Samuel Bowles is one of the frontier thinkers about cooperation and pry rights in the long sweep of history. An economist who teaches at the University of Siena and heads the Behavioral Sciences Program at the Santa Fe Institute, Bowles is that rare economist who regards property rights as a fluid concept – something that depends a great deal upon the context, culture and values of a given community of people.
I recently caught up with a lecture that Bowles gave at the Berkman Center for Internet and Society on what he calls “Kudunomics.” It’s a wonderful presentation.
Kudu? A kudu is a species of antelope that hunters in the Pleistocene era used to hunt. Bowles makes a fascinating comparison between the property rights of subsistence economies that once hunted kudu, and what he calls the “weightless economy” of digital information today. Here’s Bowles’ analysis:
Millennia ago, a band of hunters in Africa might bag a kudu once a month, and be rewarded with about 160,000 edible calories of highly perishable meat. When thinking about an economy based on kudu, several significant things stand out: Kudu are quite difficult to acquire (it takes a village to hunt an animal); difficult to own privately (it’s a wild animal); and wasteful if not immediately shared (there was no refrigeration, and so the kudu would spoil unless shared among many people).
In such an economy, the culture rewards generosity toward others and a modesty about one’s personal talents in hunting. It’s a group thing. Self-aggrandizement is bad form. No one can snare a kudu by themselves, and no one can individually consume one. It makes perfect sense for an economy reliant on kudu to share and have minimal or no property rights.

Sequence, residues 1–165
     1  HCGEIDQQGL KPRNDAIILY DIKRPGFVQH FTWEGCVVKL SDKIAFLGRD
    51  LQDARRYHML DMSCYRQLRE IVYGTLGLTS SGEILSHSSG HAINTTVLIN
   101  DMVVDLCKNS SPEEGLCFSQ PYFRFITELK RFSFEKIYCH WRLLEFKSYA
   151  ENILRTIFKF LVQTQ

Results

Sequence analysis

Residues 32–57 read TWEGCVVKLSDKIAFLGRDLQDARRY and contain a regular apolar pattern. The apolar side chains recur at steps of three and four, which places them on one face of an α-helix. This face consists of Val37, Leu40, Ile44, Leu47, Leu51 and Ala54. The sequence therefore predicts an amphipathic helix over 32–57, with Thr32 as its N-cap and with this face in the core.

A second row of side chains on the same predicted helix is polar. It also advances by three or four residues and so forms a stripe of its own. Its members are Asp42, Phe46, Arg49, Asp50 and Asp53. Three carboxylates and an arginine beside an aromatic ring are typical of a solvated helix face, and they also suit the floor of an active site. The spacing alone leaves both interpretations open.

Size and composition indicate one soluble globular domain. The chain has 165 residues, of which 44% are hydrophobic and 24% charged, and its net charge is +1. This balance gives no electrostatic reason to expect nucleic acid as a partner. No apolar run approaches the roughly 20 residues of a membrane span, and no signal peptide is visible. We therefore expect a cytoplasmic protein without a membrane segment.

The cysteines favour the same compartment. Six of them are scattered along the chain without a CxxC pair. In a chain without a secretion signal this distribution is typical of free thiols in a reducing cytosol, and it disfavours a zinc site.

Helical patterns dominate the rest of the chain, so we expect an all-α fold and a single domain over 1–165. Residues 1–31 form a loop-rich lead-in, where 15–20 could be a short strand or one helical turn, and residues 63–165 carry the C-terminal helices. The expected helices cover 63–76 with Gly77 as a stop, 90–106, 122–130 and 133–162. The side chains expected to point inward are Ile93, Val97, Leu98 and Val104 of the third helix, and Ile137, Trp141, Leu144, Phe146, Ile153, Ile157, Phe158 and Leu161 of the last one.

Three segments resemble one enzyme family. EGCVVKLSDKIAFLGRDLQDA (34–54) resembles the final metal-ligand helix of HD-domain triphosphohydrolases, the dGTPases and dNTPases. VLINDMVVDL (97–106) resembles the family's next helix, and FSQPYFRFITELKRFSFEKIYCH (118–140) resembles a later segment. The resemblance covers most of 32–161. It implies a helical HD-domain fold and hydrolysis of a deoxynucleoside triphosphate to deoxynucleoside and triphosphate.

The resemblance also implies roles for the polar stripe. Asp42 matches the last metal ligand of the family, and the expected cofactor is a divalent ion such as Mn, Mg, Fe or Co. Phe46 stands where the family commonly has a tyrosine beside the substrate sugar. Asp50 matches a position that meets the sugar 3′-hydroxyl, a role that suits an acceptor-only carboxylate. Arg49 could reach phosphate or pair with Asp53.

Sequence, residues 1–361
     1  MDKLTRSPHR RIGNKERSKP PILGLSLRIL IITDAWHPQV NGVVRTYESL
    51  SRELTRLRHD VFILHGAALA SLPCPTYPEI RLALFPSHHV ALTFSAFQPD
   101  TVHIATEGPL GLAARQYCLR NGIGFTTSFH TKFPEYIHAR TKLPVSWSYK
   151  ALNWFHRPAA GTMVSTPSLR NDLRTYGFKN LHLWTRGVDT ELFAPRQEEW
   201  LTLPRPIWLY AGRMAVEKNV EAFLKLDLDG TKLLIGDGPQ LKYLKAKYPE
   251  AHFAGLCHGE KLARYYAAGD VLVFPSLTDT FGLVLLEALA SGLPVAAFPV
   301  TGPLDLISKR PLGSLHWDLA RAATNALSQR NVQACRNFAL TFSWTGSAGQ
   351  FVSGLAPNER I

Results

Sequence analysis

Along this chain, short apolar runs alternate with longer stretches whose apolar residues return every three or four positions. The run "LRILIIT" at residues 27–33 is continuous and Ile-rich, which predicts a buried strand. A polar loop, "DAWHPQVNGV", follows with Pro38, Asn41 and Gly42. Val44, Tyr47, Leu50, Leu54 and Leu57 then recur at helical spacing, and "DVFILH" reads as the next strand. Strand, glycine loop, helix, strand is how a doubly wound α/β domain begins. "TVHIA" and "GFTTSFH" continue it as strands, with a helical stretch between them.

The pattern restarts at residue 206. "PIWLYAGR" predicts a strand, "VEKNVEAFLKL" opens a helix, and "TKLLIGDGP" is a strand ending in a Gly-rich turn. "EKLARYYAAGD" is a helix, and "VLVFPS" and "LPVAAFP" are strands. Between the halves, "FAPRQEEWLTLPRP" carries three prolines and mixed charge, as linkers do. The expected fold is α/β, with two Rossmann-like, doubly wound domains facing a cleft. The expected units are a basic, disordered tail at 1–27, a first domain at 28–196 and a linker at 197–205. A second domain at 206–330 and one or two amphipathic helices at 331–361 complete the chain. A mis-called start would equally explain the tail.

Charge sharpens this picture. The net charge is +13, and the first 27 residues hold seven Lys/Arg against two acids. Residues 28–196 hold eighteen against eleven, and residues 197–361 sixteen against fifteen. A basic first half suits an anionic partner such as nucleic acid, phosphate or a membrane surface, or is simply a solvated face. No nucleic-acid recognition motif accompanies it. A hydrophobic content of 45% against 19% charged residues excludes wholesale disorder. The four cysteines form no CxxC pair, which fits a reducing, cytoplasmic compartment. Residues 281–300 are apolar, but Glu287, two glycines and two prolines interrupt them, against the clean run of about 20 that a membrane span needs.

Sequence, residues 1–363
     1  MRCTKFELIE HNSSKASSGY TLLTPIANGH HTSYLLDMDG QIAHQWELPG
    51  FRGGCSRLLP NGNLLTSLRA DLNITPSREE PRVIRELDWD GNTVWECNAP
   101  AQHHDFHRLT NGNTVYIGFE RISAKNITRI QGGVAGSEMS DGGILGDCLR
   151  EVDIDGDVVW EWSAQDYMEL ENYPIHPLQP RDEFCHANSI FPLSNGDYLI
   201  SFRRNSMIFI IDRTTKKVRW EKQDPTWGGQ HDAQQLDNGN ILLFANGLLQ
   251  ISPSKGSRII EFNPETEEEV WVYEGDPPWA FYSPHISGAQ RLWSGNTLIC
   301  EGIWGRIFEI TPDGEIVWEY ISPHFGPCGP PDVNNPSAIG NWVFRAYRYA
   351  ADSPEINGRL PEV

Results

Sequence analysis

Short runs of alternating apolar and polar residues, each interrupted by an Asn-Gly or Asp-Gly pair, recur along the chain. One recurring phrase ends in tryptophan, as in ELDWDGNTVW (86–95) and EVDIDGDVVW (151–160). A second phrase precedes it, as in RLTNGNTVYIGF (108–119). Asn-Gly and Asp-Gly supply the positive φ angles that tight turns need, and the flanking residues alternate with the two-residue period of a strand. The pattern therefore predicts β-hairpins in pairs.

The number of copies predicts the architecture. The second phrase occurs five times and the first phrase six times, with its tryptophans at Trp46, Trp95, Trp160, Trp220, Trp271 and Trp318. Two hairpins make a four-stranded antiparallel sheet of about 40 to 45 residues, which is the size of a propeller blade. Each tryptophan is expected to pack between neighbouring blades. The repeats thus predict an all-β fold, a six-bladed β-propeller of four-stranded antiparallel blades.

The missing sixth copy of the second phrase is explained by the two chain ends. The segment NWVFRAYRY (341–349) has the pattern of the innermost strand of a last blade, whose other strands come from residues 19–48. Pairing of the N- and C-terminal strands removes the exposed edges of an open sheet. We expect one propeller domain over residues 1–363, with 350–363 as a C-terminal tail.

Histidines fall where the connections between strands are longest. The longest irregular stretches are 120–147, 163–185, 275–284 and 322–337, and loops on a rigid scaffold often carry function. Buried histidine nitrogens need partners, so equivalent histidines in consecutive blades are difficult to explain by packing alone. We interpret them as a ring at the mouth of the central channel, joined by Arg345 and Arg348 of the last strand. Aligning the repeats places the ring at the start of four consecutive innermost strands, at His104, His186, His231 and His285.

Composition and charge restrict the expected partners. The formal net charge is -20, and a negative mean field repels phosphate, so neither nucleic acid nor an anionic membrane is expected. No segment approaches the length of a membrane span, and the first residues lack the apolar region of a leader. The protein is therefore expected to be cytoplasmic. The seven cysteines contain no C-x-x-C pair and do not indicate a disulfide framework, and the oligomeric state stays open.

Many of these norms started to change 8,000 years ago with the rise of private property, noted Bowles, especially with the domestication of animals. When there is a cow or sheep that can be owned by an individual, the idea of private property rights suddenly make more sense. One can feasibly own a cow and fence the land that the cow grazes on. In the long sweep of history, then, the idea of private property rights is fairly recent.
So what does a hunting economy have to say about our times?
Bowles proposes that the Internet has created all sorts of digital resources that are as fugitive and difficult to own as wild game on the hoof. No one can really make a software program all by themselves (it takes a lot of people to make one), and it is difficult to own software privately (because it is so easily copied and therefore very expensive to “fence in” as private property).
Software is wild and fugitive in its own way. There are high costs in creating the first copy of something digital, but then very low to zero marginal costs for each copy. An owner can enforce a higher, artificial price for the good by using the power of the state to enforce copyrights or patents. But this, of course, but that prevents goods from being sold at the marginal cost, which violates the fundamental principle of the Invisible Hand, that the aggregate public benefit comes from acquiring goods at the incremental marginal cost under conditions of competition. While software programs and other digital resources may not be as perishable as kudu, the aggregate “social welfare” benefits are surely greater from sharing them than from locking them up for private use only at artificial (monopoly) prices.